With the newer Exchange versions, users still have a large amount of control over their mailboxes. Not only can they define their own policies, users can also use creative ways to try bypass imposed corporate policies, e.g. “archiving” items in the Deleted Items folder. Although the Exchange administrator can use Policy Tips to notify users of possible compliance issues with data in their e-mails, the administrator still can’t override user settings unless Litigation Hold or In-Place Hold is applied to a mailbox.
Microsoft Exchange has added improved features for eDiscovery, requiring a SharePoint 2013-based portal to search across all mailboxes. There are two main drawbacks with this approach:
- Companies must purchase/upgrade to SharePoint 2013
- It makes it necessary to have a monolithic mail store with rapidly growing online storage. Data must be held on an online Exchange server to use Exchange’s In-Place Discovery tools.
Advantages of True Email Archiving
Microsoft Exchange “archiving” is not a complete compliance and eDiscovery tool by any means. A true email archiving solution is far superior to Exchange for archiving.
The approach made by Microsoft towards eDiscovery presupposes that all email that ever passed through your organization resides on an Exchange server. The issue with this idea is data storage requirements will skyrocket over time. It is worth noting that an estimated 90 percent of the information stored in Exchange is never accessed again. True archiving removes a large chunk of that 90 percent through deduplication and archives are compressed. By doing this it reduces not only storage, but greatly increases search and recovery times.
TitanHQ has developed a solution that provides true email archiving for Exchange. ArcTitan will ensure you can achieve all your eDiscovery and data storage needs, improve the performance of your mail server, and significantly reduce email storage costs.
Here are some of the features of the product:
- Unlimited cloud based email archiving including inbound/outbound/internal email, folders, calendar and contacts
- Complete Audit trail
- Data retention and eDiscovery policy
- Encrypted storage on AWS cloud
- HIPAA, SOX (and more) standards compliance and Audited access trail
- Instantly searchable via your browser - find archived emails in seconds
- No hardware / software required
- Secure transfer from your email server
- SuperFast Search™ – email compressed, Zipped, message de-duplication, attachment de-duplication allowing for the fastest search and retrieval
- Web console access with multi-tiered and granular access options; you decide user access permissions.
- Works with All Email Servers including MS Exchange,Zimbra, Notes, SMTP/IMAP/Google/PO
- Optional Active Directory integration for seamless Microsoft Windows authentication
- Optional Outlook email client plugin
If you have not yet implemented an email archiving solution, if you are unhappy with the native Microsoft Exchange email archiving features, or if you are finding your current archiving solution too expensive or difficult to use, contact TitanHQ today to find out more about the benefits of ArcTitan and the improvements it can offer to your business.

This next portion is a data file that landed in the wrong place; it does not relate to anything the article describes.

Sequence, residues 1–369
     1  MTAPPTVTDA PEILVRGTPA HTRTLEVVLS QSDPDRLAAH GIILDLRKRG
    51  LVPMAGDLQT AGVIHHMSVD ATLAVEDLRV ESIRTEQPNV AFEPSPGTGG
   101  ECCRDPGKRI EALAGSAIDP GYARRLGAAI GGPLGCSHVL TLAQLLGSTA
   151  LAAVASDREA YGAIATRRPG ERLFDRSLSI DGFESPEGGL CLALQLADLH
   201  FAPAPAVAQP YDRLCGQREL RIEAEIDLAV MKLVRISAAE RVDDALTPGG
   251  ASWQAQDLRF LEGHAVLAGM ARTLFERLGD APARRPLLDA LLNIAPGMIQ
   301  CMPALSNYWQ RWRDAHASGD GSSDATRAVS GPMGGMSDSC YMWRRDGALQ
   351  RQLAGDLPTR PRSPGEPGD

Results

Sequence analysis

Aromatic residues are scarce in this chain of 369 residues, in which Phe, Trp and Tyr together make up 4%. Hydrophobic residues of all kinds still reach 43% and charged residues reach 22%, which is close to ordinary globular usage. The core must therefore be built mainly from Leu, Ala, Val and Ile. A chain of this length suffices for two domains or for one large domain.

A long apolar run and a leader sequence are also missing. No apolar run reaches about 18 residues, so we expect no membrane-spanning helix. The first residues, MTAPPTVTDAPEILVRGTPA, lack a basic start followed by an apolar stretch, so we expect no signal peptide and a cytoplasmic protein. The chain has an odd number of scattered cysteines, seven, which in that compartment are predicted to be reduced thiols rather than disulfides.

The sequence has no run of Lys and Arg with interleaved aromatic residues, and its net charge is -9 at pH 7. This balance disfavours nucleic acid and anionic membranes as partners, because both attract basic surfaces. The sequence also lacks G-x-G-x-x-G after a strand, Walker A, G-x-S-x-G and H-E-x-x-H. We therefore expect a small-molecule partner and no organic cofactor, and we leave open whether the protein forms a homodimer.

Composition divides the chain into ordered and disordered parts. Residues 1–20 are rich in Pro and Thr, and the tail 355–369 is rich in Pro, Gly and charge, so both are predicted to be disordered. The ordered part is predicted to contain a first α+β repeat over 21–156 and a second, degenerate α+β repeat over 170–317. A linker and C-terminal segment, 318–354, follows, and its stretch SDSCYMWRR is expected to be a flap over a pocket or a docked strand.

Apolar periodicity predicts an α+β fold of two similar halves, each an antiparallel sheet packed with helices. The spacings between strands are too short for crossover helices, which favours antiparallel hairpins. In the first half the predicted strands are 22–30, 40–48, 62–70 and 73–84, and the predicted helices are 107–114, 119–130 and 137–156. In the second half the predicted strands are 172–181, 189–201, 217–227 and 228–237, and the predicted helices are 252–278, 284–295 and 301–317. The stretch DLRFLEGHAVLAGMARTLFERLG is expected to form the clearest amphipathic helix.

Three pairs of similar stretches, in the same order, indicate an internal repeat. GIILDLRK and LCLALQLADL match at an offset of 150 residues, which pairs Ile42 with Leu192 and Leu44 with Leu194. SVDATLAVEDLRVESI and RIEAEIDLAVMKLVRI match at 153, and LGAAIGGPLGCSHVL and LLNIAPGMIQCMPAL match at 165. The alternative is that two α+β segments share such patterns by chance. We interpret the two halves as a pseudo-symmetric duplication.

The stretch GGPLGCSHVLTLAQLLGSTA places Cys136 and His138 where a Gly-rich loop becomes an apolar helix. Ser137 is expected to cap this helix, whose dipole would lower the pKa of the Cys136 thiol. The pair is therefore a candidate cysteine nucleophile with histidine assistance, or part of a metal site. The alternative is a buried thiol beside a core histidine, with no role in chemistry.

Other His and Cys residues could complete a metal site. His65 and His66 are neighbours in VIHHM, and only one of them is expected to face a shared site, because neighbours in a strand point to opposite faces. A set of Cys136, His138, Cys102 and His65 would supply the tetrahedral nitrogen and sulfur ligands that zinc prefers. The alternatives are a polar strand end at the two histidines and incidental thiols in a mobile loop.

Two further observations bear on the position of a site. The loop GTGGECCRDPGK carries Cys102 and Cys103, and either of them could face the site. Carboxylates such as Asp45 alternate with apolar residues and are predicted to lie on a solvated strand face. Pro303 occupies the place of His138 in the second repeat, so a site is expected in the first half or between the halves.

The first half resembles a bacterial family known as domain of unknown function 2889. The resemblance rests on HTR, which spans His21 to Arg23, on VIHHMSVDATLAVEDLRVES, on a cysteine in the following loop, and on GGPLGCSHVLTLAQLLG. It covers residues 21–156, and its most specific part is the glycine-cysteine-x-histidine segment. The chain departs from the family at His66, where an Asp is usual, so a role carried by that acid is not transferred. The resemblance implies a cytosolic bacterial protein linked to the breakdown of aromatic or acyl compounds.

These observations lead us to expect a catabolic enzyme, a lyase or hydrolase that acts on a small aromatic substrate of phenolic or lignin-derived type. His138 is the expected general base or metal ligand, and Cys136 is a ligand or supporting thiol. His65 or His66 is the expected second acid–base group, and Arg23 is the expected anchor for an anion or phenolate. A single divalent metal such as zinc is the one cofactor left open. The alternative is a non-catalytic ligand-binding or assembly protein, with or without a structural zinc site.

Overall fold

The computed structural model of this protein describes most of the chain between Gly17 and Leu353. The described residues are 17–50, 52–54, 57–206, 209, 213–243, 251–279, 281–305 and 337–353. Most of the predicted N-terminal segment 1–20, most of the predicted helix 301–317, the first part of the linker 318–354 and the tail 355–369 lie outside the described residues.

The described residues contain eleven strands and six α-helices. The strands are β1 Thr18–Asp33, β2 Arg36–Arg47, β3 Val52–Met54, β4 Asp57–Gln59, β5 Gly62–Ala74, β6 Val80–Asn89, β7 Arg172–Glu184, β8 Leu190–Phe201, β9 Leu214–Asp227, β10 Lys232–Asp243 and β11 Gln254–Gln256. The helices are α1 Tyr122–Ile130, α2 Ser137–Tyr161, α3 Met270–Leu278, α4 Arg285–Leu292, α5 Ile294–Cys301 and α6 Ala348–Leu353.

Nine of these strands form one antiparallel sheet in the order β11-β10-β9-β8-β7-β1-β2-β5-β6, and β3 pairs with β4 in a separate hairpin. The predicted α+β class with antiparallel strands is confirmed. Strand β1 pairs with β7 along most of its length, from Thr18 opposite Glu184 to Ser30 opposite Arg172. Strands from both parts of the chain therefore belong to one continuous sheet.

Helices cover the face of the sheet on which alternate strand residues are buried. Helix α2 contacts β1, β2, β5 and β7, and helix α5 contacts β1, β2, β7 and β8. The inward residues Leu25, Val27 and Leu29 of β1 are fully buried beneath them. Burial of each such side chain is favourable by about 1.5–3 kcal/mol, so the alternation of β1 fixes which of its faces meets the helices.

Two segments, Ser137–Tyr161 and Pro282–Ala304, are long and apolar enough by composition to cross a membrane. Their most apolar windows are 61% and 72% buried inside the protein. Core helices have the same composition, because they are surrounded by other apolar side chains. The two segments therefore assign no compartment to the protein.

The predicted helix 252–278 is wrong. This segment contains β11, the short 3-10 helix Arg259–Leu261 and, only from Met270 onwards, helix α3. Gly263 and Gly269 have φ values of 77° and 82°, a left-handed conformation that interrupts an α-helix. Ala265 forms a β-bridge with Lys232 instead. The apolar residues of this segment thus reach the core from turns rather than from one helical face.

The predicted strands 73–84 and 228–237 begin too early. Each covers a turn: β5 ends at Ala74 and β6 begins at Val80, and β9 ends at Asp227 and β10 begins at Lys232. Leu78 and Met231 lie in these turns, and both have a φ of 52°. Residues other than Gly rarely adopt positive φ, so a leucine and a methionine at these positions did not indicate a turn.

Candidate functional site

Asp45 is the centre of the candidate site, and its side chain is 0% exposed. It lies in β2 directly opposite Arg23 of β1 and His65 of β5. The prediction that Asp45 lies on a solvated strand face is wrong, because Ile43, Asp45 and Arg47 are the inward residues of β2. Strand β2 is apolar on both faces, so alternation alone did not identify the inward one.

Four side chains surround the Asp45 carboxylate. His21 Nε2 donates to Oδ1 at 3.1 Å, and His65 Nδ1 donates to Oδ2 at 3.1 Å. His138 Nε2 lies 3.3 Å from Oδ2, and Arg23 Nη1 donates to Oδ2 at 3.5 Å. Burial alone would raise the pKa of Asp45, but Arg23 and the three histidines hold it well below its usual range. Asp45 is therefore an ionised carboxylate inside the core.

Frequently Asked Questions (FAQs)
Will archiving emails delete the messages from the Exchange server?
This will depend on how your Exchange server has been configured. Typically, the message will be deleted from the Exchange server once the message has been transferred to the archive and deleted from an inbox, but a copy may be retained for a period of time to allow for a backup to be created. If there are multiple copies of the same message, such as an email sent to a distribution list, a copy will remain on the server until everyone has archived and deleted the message.
Is email archiving compliant with the GDPR?
Email archiving can be GDPR-compliant with the right policies and procedures in place. Bear in mind that personal data can only be kept for as long as necessary to achieve the purpose for collecting the information and personal data, including information in email accounts, must be deleted if requested by an individual. Email retention periods must also be defined.
What happens if someone responds to an archived email?
When you have an email archiving solution in place, emails that need to be retained will be sent to the archive for long term storage and can be deleted from inboxes. If someone replies to an archived message or reactivates an old message thread, the email will simply reappear in your inbox.
Does email archiving save on storage space?
Email archiving can save a considerable amount of storage space, which can greatly improve the performance of your mail server. For example, ArcTitan typically reduces mail server email storage space by up to 80% - That means 1,000 GB of email storage space is reduced to around 200 GB.
Are there any limits on storage space with ArcTitan?
ArcTitan is 100% cloud based and provides incredibly scalability. Storage space will automatically increase as required and there are essentially no limits on storage space in the cloud, nor the number of users. You just pay for the number of active mailboxes.